• CollegeHill_45224

    Seeing that $2.29 gas price made my stomach turn a little.

  • charles ross

    Hey that reminds me – Ludlow on the hill needs narrowing! It is a 4 lane raceway between the police station (a mid-century classic) by Central Parkway terminus and the Clifton shopping district. No need for that width. I saw a nut on a Can Am Spyder hit 90+ mph up that hill as I was cruising along at 40 mph. Hot rodders and fart-bikers love that hill; needs calming.

    And now back to our Liberties…

  • thebillshark

    This is a HUGE economic opportunity for the City of Cincinnati if we get this right. My thoughts on the matter:

  • KeepReal

    “…if necessary, divert
    traffic to Central Parkway, Fort Washington Way, or one of the many east-west thoroughfares that also have highway access.”

    Not sure what the author is talking about, or why. Though OTR has many N-S paths within itself and several out, for E-W paths it is limited to Liberty. What are these many thoroughfares to which she is referring? From the east, up Dorchester hill and down Sycamore? Through 13th to Sycamore and zig-zag through? From the west, down McMicken, thereby clogging up that quiet street?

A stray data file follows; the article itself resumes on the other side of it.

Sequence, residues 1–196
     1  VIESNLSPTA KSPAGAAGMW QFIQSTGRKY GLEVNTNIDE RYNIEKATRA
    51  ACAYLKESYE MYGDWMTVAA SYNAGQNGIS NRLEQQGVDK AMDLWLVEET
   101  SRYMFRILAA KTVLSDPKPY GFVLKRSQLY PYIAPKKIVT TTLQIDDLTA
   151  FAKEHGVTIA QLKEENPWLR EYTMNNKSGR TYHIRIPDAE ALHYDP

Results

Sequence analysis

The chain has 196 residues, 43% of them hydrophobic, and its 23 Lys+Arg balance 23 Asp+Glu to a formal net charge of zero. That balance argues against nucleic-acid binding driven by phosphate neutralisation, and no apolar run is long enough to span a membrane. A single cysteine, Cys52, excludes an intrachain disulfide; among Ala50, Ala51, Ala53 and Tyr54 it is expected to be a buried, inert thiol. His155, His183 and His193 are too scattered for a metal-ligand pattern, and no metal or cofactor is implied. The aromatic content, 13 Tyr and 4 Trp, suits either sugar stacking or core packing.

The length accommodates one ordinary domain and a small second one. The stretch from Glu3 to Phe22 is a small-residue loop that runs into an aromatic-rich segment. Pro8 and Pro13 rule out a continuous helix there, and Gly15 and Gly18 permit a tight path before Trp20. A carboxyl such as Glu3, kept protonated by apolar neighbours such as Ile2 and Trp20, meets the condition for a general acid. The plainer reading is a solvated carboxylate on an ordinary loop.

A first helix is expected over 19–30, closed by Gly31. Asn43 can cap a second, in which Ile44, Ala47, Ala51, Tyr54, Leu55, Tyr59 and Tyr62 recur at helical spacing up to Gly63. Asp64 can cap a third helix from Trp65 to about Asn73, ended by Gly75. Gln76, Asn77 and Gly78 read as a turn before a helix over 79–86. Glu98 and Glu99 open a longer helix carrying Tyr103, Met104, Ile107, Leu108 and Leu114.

The FWW citation displays a lack of understanding of its function and access to and from it.

    One must also look at Liberty as both a path through but also a path into (and out of) OTR. Maintaining that role, where none else of this sort exists, is essential.